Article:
Silvia Secchi Presentation
Speaker: Silvia Secchi
Thursday, November 17th | 2-3:30 PM | W401PBB
Accounting for the value of ecosystem services is difficult, as multiple changes in material fluxes or ecological responses have to be quantified, and then the value of the services has to be monetized. Though the integrated modeling process necessary for the multiple valuation is challenging, it is necessary in order to avoid unintended consequences, and to help identify future challenges and opportunities for better policy-making.
Agricultural production, being at the nexus of water, food and carbon, is a good example of the need to account for multiple ecosystem services. The study’s area, the Raccoon River watershed, combines intensive agricultural production, high carbon sequestration potential via cellulosic ethanol production, and high nitrate levels, which have resulted into a Total Maximum Daily Load and a ground-breaking lawsuit from the Des Moines Water Works.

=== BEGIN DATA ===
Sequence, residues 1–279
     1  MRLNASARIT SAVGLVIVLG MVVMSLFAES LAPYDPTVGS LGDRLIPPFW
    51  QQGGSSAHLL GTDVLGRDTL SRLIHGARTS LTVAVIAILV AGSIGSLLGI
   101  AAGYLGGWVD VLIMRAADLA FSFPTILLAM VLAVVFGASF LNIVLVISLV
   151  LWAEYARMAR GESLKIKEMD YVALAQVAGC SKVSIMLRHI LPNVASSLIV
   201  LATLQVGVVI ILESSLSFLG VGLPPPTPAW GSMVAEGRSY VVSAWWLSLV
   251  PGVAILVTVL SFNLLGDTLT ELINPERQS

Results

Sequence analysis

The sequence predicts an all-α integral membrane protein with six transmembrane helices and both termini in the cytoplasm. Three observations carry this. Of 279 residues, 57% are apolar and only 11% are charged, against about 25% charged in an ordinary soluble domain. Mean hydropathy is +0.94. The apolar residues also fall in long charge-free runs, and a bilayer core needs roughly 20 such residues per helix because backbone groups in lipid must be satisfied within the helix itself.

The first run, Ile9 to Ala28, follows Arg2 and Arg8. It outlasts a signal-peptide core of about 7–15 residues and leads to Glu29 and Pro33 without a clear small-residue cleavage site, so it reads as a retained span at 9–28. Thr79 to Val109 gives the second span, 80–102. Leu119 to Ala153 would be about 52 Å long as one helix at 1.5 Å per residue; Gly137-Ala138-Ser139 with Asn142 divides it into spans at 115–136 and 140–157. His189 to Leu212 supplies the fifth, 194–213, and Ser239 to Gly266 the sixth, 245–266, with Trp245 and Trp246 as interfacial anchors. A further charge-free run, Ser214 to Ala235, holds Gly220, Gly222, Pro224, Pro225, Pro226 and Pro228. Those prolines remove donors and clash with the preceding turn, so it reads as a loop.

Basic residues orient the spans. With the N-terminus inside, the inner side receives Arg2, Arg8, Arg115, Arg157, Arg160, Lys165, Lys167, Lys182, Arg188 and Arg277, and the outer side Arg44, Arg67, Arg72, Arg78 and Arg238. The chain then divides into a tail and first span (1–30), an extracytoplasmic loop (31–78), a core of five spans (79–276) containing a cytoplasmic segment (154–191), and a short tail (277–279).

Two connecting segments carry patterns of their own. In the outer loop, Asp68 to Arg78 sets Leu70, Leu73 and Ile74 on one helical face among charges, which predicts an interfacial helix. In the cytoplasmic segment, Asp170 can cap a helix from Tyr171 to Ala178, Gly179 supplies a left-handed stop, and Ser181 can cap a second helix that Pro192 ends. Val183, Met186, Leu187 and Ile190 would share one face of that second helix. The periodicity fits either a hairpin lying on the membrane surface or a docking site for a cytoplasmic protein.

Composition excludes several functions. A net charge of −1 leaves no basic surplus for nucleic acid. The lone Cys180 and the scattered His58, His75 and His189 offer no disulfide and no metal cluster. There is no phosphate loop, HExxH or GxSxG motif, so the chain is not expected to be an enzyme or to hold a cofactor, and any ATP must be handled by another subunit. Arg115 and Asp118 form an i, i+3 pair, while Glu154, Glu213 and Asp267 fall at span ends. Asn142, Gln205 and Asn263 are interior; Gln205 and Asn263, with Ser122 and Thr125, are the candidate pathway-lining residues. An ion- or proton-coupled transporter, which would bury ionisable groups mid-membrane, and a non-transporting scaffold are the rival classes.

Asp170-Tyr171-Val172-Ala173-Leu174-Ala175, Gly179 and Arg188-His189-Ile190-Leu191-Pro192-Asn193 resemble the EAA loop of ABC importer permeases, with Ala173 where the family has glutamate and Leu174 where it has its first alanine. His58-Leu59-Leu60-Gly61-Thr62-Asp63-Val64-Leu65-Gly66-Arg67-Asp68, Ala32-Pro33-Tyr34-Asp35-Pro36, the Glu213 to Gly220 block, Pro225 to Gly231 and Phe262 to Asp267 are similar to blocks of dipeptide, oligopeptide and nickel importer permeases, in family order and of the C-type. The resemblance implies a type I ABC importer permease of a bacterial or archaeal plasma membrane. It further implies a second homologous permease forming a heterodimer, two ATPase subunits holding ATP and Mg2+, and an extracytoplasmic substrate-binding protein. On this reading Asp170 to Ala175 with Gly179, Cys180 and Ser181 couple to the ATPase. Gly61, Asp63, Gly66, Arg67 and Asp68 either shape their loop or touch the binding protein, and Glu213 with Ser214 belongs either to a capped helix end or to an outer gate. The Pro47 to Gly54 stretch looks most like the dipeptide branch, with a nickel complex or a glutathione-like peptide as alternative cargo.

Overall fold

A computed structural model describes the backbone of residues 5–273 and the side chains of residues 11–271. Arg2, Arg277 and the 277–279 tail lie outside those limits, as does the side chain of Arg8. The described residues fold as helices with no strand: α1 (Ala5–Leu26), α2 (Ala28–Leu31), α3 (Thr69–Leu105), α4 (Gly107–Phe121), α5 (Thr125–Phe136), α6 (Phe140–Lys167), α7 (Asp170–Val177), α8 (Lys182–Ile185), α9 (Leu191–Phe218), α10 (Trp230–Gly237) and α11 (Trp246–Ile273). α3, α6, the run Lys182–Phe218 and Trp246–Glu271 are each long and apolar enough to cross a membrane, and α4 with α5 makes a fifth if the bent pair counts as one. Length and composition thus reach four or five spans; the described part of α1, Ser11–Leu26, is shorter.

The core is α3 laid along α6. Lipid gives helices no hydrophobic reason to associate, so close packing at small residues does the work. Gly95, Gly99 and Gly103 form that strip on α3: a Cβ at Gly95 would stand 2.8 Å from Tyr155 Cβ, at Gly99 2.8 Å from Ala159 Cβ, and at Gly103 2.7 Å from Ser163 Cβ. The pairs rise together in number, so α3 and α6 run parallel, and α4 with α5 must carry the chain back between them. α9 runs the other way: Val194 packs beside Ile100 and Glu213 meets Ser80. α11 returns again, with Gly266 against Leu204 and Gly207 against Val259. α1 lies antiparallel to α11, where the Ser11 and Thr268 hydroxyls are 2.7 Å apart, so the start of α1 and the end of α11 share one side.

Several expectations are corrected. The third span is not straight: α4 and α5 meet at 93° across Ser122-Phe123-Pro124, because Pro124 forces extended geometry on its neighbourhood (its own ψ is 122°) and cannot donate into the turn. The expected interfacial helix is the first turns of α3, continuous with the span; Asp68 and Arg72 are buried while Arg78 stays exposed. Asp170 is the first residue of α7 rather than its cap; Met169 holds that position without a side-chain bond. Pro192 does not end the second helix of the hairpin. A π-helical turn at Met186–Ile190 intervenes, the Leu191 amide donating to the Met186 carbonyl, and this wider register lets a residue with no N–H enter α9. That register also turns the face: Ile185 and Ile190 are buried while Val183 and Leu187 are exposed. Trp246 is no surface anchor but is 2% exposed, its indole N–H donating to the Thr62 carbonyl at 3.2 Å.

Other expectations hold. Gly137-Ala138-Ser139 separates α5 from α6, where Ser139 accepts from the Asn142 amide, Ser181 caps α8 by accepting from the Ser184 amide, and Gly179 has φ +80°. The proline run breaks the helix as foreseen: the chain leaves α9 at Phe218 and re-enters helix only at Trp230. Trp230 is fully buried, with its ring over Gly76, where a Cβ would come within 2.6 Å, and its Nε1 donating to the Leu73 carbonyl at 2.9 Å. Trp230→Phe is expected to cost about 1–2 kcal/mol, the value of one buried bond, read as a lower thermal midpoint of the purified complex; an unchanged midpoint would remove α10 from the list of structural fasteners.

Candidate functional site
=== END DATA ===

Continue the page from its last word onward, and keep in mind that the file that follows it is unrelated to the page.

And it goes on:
The study integrates statistically downscaled climate models for the 21st century with a surface water quality model (the Soil and Water Assessment Tool) and an edge of field environmental model (the Environmental Policy Integrated Climate). This simultaneously provides changes in crop yields, water quality indicators – particularly nitrogen, which can be monetized using the avoided cost method – and carbon sequestration – for which monetary values are readily available in the literature, and are been assessed by the Federal government.
Quantifying the provision of multiple ecosystem services which may be in conflict with each other is crucial for effective conservation and agricultural policies. Monetizing ecosystem services allows for the direct comparison of the policies’ costs and benefits, and assessment of the trade-offs.